19. You spendthrifts and wastrels! Go further down the Mossberg line and you come to the Maverick 88, which has similar fittings, but a BETTER safety (IMHO), which won’t get accidentally knocked on or off while moving around. I bought a 28″ barrel Field version, but later added an 18.5″ barrel and a Limbsaver butt pad. This is the simplest, cheapest solution for home defense or slug hunting (no choke to damage the barrel with slugs). It might not be as fancy or slick as a high grade 870, but works better (no lifter to get in the way) while reloading during combat, and apparently smooths out nicely over many hundreds of rounds (I’m not there yet). If you have to fire off enough shots that the barrel heats up unbearably, you’ve got more problems than your shotgun choice. I feel safer with mine.

  20. I have two 590’s. My first I purchased in 1990, a standard model with bead sight. The second 590 is a ‘mariner’ which I got I think in 1994. Other than the finish it is identical to the first. I was Unit Armorer and the 590 never made it to my unit before I got out of the Army so I feel like I missed out. I am sure this is why I got the first one.

    These are our ‘bedroom’ guns. I’ve lost count how many rounds I have put through them both. I do not care for the ‘improved’ trigger assembly of the 590A. I understand how this was a ‘battlefield’ improvement and that is fine by me in that setting. But between the two I like the original better – even with gloves on.

    I am not too keen one ghost ring sights for a shotgun – even when shooting slugs. A shotgun should be ‘pointed’ not “aimed”. Ghost ring sights force ‘aiming’. Even with the bead sight my 590’s are as accurate as the one in this article when shooting slugs. I will admit, though, with slugs you do need to ‘aim’ rather than ‘point’. But with a little practice I can keep the slugs on a 6″ paper plate @ 100 yards even with the bead front sight.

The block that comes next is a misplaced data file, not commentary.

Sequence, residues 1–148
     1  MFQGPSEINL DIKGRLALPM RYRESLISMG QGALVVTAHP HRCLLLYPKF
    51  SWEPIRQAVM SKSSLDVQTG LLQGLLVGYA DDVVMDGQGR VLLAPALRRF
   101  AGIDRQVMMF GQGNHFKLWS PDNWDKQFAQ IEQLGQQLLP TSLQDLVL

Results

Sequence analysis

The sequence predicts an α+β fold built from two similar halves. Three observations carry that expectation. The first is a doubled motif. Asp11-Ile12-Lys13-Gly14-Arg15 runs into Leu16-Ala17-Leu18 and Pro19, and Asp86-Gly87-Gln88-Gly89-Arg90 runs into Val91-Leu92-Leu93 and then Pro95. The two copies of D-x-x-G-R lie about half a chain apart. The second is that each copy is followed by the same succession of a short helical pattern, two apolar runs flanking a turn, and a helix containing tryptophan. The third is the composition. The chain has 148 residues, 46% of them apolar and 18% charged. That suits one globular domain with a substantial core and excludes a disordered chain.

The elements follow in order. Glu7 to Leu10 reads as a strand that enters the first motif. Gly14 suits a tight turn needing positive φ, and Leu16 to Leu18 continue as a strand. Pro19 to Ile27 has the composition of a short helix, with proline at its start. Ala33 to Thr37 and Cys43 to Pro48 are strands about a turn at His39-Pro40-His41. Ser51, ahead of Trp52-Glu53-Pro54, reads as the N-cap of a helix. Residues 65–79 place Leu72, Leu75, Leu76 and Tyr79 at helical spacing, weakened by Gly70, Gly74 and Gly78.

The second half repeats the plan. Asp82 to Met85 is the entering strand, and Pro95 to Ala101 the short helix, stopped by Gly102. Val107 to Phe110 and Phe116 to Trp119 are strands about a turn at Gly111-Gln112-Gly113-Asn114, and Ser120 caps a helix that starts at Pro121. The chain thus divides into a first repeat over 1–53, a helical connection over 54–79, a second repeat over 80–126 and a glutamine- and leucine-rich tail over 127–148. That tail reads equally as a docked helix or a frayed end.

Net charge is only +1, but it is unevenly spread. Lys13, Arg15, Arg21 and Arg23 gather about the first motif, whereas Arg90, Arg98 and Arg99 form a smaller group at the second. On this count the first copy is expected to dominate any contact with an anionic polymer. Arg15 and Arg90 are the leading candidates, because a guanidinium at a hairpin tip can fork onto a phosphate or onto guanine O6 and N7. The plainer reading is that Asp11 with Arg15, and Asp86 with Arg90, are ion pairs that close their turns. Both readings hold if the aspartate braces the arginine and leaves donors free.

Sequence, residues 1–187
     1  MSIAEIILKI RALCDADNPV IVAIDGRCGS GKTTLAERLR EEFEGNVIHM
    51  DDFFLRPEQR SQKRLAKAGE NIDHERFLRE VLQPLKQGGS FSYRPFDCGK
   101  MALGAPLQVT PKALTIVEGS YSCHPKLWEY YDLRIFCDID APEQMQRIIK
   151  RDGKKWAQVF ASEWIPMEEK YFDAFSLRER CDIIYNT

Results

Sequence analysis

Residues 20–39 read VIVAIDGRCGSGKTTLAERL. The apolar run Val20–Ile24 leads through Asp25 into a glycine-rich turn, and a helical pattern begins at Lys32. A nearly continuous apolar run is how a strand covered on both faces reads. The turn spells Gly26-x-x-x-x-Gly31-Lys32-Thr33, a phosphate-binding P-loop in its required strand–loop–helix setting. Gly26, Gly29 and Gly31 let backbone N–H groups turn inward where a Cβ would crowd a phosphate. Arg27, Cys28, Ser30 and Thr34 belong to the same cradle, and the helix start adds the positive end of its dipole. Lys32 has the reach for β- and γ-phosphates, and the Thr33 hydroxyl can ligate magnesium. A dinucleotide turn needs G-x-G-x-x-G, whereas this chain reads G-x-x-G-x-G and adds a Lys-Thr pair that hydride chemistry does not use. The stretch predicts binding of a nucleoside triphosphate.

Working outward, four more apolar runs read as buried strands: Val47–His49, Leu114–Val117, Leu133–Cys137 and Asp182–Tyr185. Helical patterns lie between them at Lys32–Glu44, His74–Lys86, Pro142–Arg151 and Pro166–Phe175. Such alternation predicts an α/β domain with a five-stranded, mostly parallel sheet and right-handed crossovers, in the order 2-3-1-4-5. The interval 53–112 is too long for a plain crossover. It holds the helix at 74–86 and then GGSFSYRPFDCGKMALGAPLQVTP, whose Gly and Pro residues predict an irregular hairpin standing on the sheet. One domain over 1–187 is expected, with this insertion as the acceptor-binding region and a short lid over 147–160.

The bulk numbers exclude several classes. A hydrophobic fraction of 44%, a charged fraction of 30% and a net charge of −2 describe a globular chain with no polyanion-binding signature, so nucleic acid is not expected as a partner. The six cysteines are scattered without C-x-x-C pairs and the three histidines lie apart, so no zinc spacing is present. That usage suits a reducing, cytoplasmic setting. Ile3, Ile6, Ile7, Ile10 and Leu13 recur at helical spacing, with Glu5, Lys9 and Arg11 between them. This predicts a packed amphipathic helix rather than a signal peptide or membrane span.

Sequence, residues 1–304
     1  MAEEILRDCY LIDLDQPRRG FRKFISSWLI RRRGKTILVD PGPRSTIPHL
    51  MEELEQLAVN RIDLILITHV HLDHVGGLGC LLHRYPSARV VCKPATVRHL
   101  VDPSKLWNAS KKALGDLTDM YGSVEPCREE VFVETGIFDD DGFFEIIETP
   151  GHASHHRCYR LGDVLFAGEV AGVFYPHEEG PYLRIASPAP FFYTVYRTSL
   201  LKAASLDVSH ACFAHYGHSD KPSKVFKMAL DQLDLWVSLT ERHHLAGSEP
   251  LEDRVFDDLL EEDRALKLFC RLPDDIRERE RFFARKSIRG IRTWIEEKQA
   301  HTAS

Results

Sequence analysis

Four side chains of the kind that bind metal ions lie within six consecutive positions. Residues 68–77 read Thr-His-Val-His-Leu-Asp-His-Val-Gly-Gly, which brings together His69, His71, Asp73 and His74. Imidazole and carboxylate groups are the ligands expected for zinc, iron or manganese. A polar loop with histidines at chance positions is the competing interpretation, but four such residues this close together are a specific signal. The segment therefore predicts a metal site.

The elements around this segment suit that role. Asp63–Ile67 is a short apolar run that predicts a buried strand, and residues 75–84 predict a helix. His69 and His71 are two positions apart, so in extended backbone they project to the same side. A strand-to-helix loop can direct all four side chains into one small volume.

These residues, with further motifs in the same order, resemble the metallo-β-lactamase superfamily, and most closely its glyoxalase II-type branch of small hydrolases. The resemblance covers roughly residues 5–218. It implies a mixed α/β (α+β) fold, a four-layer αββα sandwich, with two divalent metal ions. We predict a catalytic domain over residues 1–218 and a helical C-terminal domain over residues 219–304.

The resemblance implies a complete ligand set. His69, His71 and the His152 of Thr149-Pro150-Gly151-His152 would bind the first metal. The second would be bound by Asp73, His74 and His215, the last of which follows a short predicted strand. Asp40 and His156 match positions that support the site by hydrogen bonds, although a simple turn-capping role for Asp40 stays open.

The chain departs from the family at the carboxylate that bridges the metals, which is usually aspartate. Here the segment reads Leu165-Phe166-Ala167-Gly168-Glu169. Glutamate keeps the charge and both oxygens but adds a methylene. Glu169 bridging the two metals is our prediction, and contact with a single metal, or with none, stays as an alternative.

21. First I know nothing about shotguns. Second I need one for mome defesne and another for protection against animal predators like Bear, grizzly, mountain lion, wolves etc. Can I buy a Mossberg 590 in 18.5 barrel and add a 28 inch barrel to it? is that doable? Thanks

    • Chris, if you wan’t a single shot gun for dual duty you would be better off buying a Mossberg 500 combo. Comes with an 18.5 in barrel for home defense, 00 buck, slugs, whatever and a 28 in with interchangable chokes for anything else you could need. If you remove the dowel in the mag tube it will hold 6 rounds. Just remember to put it back if hunting.

  22. posting from Canada here. just sold my Mav.88 this afternoon to a young hunter after upgrading to a 590A1. that trigger sure is heavy, but last night at the range I was shooting Hornady and Federal #00 it did not seem to be a problem. just a thing.

    kinda sad to see my 88 go, because like someone else pointed out, boy was it ever smooth! I also had the 18.5″ bbl and a limbsaver slip-on in place of the factory butt-pad. it was a good setup for sporting clays. I hope my new 590 can fill the space left over.

  23. I read that the cops in New York all carry Mossburgs but that could have changed. Also I read that the Army in Iraq used them when going house to house. They said that you hear gunfire all day but when you hear a shotgun, it sends a terrifying message to all within ear shot. Don`t mess with a shotgun.

  24. I say go ahead and spend the $80 to $100 to thread your barrel to accept Rem Chokes. Then you can add the tactical choke for a fear factor (cool factor) or a modified for clays and doves. That is the only thing this shotgun is missing

    • Inability to swap chokes has been the only thing holding me back from getting a Mossberg. Where did you get your barrel threaded?